Having said that about daily thanks, it is good and wise to set aside specific days or seasons to give thanks. The blessings we enjoy day-to-day as Americans are unprecedented in history. And yet so often, rather than reflecting gratitude back to God, we quietly think, “So what have you done for me lately?”
This week of Thanksgiving, Wyoming Catholic College President, Dr. Glenn Arbery reflects a bit about gratitude in the spiritual life, the life of Wyoming Catholic College, and in literature.
November 19, 2019
“Adiuro vos, filiae Ierusalem, per capreas cervasque camporum,
ne suscitetis neque evigilare faciatis dilectam, quoadusque ipsa velit.”
The quote is from the Latin text of the Song of Songs in the Old Testament. “I adjure you, O daughters of Jerusalem, by the gazelles or the hinds of the field, that you stir not up nor awaken love until it please.” (Song 2:7)
That biblical book in Latin is the subject of one of four Latin reading groups here at Wyoming Catholic. Juniors and seniors hone the Latin skills they learned as freshmen and sophomores. The best way to retain and grow language skills is, of course, to use them.
The group working way through Canticum Canticorum ably led by Dr. Michael Bolin, our guest for this After Dinner Scholar.
October 22, 2019
“Because life is brief…let us follow our desires” has a rather contemporary ring to it. Yet those words were penned in 1512 by the playwright, philosopher, and politico Niccolò Machiavelli in his play La Mandragola, The Mandrake.
Machiavelli is, of course, best known for his book The Prince that gives advice on how to rule. That book contains observations such as, “All ethical and moral values are arbitrary artifacts from the cultures that set them forth. All political and military greatness is derived from ignoring them.”
La Mandragola is, in a sense that kind of thinking turned into a play and Dr. Kent Lasnoski, our guest this week, has been teaching that play to our students with amazing results.
October 8, 2019
The prioress in Geoffrey Chaucer’s Canterbury Tales is something less than a humble holy woman. She lives a comfortable even luxurious lifestyle. She values her lap dogs above most people. The rosary she carries is made with precious stones and she wears a golden brooch on which is engraved “Amor Vincit Omnia,” “Love conquers all.”
The romantic notion the “Love conquers all” is hardly a relic of the past. To judge by many modern movies,TV shows, popular songs, and books, we still dream of being overcome by the power of love and swept into a happily-ever-after.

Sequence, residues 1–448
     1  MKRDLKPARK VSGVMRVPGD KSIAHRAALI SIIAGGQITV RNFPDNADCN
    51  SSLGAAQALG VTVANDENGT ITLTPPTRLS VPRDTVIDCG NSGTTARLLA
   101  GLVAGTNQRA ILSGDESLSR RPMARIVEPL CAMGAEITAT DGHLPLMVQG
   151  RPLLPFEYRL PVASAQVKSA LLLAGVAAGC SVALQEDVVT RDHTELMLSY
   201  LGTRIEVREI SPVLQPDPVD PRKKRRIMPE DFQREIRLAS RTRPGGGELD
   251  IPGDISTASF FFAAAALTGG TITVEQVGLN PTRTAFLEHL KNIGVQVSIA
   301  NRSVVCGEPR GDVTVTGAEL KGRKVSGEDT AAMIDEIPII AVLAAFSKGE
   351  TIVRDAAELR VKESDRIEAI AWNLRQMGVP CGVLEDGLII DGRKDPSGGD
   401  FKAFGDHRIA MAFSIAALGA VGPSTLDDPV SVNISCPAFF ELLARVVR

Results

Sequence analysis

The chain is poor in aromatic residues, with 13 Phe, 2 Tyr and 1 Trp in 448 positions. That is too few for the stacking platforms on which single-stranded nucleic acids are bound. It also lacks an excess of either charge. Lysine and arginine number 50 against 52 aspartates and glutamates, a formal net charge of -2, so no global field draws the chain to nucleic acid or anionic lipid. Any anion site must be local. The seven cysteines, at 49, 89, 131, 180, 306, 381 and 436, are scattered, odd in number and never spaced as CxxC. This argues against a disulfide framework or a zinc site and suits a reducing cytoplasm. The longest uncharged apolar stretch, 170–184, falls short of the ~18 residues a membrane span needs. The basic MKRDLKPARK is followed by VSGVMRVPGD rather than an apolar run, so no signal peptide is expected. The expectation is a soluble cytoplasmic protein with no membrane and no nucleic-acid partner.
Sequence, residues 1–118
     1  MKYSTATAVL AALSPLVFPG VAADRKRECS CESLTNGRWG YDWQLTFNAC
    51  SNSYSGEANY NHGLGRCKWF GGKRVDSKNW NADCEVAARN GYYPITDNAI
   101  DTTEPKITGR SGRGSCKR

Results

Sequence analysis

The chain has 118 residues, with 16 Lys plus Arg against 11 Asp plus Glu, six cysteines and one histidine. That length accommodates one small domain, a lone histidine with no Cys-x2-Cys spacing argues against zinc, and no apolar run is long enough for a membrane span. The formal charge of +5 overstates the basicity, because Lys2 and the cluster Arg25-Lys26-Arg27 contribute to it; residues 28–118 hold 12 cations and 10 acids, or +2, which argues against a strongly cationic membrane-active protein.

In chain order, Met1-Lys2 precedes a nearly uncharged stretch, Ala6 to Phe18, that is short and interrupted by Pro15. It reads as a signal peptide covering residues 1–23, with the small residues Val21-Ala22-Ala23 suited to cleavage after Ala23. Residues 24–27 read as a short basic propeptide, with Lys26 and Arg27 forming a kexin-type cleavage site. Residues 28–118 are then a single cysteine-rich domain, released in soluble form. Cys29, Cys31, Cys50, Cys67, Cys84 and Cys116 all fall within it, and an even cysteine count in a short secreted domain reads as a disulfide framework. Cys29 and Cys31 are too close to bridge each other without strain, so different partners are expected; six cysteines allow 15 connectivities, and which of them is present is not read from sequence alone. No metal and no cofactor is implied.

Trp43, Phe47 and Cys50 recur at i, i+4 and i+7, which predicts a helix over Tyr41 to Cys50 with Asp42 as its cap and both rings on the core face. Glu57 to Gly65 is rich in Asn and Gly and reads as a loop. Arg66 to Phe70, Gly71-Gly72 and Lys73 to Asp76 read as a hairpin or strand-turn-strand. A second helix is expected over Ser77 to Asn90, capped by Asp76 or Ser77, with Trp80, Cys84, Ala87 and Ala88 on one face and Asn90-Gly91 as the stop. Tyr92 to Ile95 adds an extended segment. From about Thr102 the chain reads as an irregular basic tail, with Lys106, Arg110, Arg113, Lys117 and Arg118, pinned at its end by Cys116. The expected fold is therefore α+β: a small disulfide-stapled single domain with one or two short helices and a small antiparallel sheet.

And that idea has been around for at least 1,000 years beginning with the medieval romances.
Dr. Tiffany Schubert recently led a faculty symposium about Medieval romances here at Wyoming Catholic College. Dr. Schubert is our guest this week on The After Dinner Scholar.
September 17, 2019
Athens had been at war more or less continually since 431 BC and the people on all sides were sick of it. So it may be of no surprise that in 405 BC at the Lenaia, Athens’ annual theater festival, first prize went to a comedy: Aristophanes’ “The Frogs.”
“The Frogs” comes to the modern reader as something as a surprise. The ancient play seems to have strong notes of the Shakespearean comedies, of Oscar Wilde, and of Monty Python’s Flying Circus. Which is to say, it has the feel of something that could have been written today in spite of being more than 2,400 years old.
Dr. Tiffany Schubert and Dr. Kent Lasnoski are team teaching our junior humanities course and joined me to talk about “The Frogs,” comedy, and satire beginning with the historical context in which Aristophanes wrote.
August 13, 2019
To judge by the piles of books, reels of movie film, games, prequels, and sequels, it’s safe to say that the stories of Camelot, the Round Table, and King Arthur hold a special place in our imaginations.
The stories surrounding Arthur have it all: love and romance; marriage and adultery; noble and good deeds, dishonorable and evil deeds; friendship and betrayal; lively feasts and deadly battles; magical swords and malicious witchcraft; heroes and villains; valiant, true, and brave knights and vile scoundrels. Camelot! It all started so well and ended so badly.
This summer, high school students attending Wyoming Catholic College’s two-week long PEAK program studied the Arthurian stories with this week's guest, Dr. Tiffany Schubert.